Tourism in Saudi ArabiaJourney to al-Ula
Loud music booms from the dark entrance, while red-green party lights strobe into the night to the beat of an Arab pop song. Inside the bar, empty wine bottles are lined up on a shelf, "alcohol-free", as the small print reveals. In the dimly lit premises, young people sit at tables, heads close together, while others dance.
It is Friday evening, the first day of the weekend in Saudi Arabia. Tahlia Street is where the youth of the capital Riyadh gather. Young men rev their cars, women smoke shisha at tables outside the many restaurants. Only a few have donned the niqab, the black face veil with only a slit for the eyes. Many sport loosely tied headscarves, while others wear their hair down.
It is our last evening in Saudi Arabia. We left at the beginning of December, not really knowing what to expect. For almost two weeks we have driven around the country, 3000 kilometres in all, completing laps on roller skates at an outdoor disco and finding out how young men in Saudi Arabia date. Often amazed, sometimes confused, we have been forced to question our own preconceptions about this desert country. And then there have been the doubts: should we really be spending our holiday in a country that shows such blatant disregard for human rights?
Nationalism, the new religion
Arguably, few societies in the world have changed as quickly and as dramatically in recent years as Saudi Arabia. For decades, women and men lived strictly separate lives. They used separate entrances and rooms in restaurants, at weddings, in banks. If a woman and a man who were not closely related were caught together by the religious police, they faced imprisonment and flogging.
The religious police fined shops that remained open during prayer times; they punished women if a strand of their hair was showing. These and a number of other laws based on Wahhabism, a fundamentalist interpretation of Islam, are now passe, all abolished within a few years. Since 37-year-old Mohammed bin Salman ascended to the crown prince's throne in 2017, little in Saudi society has stayed the same.
Diriyah – a suburb northwest of Riyadh – is perhaps the most telling example of the mythology the young crown prince is busy inventing for his country. Diriyah is considered the birthplace of the Saudi kingdom. In an earthen settlement surrounded by walls, the ruler Mohammed Ibn Saud made a pact in 1744 with the arch-conservative jurist Ibn Abd al-Wahhab, the founder of Wahhabism.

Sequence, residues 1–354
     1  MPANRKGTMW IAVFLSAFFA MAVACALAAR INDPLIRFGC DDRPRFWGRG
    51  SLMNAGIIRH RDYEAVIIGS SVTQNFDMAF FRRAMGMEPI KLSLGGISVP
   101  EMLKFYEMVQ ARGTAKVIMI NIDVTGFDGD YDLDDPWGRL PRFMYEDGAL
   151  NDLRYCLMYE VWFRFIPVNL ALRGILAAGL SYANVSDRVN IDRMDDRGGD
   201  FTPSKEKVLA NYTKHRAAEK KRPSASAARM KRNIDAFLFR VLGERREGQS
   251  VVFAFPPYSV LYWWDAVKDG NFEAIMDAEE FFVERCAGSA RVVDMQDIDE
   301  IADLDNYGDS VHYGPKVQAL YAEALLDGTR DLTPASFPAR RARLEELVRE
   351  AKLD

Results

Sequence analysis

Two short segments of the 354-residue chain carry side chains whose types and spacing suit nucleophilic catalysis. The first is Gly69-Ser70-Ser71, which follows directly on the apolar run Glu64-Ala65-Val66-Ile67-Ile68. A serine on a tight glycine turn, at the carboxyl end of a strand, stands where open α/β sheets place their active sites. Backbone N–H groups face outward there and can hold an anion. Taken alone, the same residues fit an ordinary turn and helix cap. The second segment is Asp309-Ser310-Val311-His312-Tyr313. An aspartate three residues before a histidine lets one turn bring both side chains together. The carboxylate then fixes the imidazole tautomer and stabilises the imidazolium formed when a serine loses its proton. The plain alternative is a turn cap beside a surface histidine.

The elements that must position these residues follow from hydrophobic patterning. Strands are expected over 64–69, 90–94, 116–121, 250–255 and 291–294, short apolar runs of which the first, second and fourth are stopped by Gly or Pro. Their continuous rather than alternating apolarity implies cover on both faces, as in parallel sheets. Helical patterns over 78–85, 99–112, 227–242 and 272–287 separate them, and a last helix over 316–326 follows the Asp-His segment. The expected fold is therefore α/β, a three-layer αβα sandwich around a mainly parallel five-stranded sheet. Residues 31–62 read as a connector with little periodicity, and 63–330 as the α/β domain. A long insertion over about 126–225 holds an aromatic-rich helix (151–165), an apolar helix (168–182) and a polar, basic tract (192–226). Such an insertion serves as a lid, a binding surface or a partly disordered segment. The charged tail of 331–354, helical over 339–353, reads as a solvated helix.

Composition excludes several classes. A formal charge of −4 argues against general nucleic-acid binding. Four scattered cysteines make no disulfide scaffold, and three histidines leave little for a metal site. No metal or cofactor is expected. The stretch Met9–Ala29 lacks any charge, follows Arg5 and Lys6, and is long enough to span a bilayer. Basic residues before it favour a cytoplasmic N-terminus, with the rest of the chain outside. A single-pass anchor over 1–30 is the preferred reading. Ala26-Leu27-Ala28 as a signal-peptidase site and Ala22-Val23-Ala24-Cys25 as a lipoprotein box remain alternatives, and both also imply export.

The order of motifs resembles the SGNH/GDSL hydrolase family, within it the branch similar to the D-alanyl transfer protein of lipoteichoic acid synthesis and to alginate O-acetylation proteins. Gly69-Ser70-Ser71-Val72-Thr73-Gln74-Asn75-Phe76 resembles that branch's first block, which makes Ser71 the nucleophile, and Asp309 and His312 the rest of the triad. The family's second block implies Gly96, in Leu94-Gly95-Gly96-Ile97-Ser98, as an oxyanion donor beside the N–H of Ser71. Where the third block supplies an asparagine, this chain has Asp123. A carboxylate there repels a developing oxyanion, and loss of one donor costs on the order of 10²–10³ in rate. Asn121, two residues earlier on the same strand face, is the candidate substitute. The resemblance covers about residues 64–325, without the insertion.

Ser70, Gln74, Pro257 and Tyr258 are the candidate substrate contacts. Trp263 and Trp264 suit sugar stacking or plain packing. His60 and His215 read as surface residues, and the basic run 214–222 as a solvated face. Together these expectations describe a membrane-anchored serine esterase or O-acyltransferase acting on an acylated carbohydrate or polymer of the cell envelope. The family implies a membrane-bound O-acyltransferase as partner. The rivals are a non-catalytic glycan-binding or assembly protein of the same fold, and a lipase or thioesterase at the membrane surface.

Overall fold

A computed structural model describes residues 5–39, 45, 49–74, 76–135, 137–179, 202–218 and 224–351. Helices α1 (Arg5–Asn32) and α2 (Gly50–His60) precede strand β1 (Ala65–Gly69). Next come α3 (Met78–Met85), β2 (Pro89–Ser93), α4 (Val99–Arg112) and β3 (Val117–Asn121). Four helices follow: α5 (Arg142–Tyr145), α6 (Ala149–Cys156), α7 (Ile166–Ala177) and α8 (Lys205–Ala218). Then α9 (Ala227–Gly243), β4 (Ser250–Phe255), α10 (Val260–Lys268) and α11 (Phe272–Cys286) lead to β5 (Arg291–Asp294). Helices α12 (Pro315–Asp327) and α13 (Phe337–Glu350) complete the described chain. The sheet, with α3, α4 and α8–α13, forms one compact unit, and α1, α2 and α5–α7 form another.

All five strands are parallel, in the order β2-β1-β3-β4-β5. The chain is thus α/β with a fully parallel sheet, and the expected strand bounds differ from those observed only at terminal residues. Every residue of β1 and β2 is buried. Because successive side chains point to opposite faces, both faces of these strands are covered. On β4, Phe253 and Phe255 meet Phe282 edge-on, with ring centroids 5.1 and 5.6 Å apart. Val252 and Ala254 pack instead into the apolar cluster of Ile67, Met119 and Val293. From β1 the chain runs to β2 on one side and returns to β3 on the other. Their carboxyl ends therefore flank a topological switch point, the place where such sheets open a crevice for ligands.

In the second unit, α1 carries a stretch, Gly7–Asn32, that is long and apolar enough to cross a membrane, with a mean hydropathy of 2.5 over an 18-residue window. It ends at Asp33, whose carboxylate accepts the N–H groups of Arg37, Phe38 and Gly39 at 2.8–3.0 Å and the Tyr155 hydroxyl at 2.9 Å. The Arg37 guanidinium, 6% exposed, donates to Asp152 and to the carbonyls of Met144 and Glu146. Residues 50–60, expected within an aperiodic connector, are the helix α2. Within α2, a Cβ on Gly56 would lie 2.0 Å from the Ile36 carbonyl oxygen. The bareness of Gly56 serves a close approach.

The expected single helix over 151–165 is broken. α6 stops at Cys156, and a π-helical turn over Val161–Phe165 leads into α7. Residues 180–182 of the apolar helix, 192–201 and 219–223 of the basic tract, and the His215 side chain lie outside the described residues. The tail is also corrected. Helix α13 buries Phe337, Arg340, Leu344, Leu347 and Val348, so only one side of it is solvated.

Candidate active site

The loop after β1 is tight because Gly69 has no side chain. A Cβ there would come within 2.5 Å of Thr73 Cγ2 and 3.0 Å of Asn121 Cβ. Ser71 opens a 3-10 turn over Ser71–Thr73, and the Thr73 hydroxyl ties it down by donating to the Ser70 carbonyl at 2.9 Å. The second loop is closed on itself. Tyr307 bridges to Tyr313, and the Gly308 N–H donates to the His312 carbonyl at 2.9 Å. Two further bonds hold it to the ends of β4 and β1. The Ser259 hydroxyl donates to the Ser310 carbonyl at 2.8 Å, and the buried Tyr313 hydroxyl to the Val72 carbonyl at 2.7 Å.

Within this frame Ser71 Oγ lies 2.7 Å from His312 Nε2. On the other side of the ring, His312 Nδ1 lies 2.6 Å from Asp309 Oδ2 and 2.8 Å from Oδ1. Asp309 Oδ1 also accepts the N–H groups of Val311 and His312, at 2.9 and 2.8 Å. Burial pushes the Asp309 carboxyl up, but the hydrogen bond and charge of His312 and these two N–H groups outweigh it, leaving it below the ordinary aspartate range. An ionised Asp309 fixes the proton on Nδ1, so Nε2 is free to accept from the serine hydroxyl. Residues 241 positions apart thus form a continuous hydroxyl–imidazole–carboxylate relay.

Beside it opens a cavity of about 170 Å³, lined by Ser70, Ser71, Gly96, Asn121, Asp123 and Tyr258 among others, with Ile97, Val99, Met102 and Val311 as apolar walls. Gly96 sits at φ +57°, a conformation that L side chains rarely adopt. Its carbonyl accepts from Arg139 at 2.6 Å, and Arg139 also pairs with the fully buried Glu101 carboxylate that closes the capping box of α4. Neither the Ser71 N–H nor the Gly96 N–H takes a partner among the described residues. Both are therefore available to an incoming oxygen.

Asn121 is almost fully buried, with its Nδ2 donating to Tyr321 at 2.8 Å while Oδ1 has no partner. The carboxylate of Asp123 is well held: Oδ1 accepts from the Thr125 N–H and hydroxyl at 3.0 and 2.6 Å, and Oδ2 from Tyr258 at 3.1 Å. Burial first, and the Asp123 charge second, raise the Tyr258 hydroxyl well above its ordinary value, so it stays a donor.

Both wanted to establish a state on the Arabian Peninsula, but failed single-handedly to subjugate the tribes. Ibn Saud used the strict ideology of Wahhabism, which turned people into zealous supporters, to lend his rule religious legitimacy. To date, this has been the official version of Saudi history.
But you won't find the date 1744 mentioned anywhere on information boards in the adobe settlement in Diriyah, now a UNESCO World Heritage Site. In recent years, the Saudis have turned the place into a large open-air museum with interactive screens telling visitors that Ibn Saud founded the first Saudi state in Diriyah in 1727.
The next date on the timeline is 1766, accompanied by the comment that markets and trade were flourishing, and that Diriyah became the "heart of calls for reform". There is no reference to 1744, nor to the role of Islam.
As a young female guide explains: "We only show the political history of the country, it's all about the statesmen here, religion was less important anyway." Her words express what the royal family is trying to convey. In early 2022, King Salman issued a decree declaring 22 February 1727 to be the nation's founding day. International historians consider the date questionable, but in Saudi Arabia people are told what to believe from the top down. The decree amounted to a break with Wahhabism. Now it is nationalism that is supposed to inspire Saudis with passion for their homeland. "I am very proud to be able to show off my beautiful country," says the guide. There are many misconceptions about Saudi Arabia, she says, and that is why it is great that foreign tourists are now able to come here to experience it for themselves.
Right now, Diriyah is mainly visited by locals. The restored adobe settlement celebrated its opening on 4 December. During our visit, it seemed as if half of Riyadh's high society was streaming in. Rolls-Royces, Porsches and Bentleys were parked outside the gates. Women carried designer bags and wore lots of make-up. The 200 rial, the equivalent of 50 Swiss francs, which the entrance fee costs at the weekend, could be deducted from our bill in one of the fancy restaurants, while "Feels Like Heaven" played softly from speakers in the background.
The huge site leading up to the adobe buildings is a bit like a luxury Disneyland. Expensive cafes cosy up to exclusive restaurants, all of which could be in Paris. A carousel, live music and ice cream stands entertain visitors. Were it not for pillars pointing to prayer rooms, you'd be forgiven for forgetting you are in Saudi Arabia.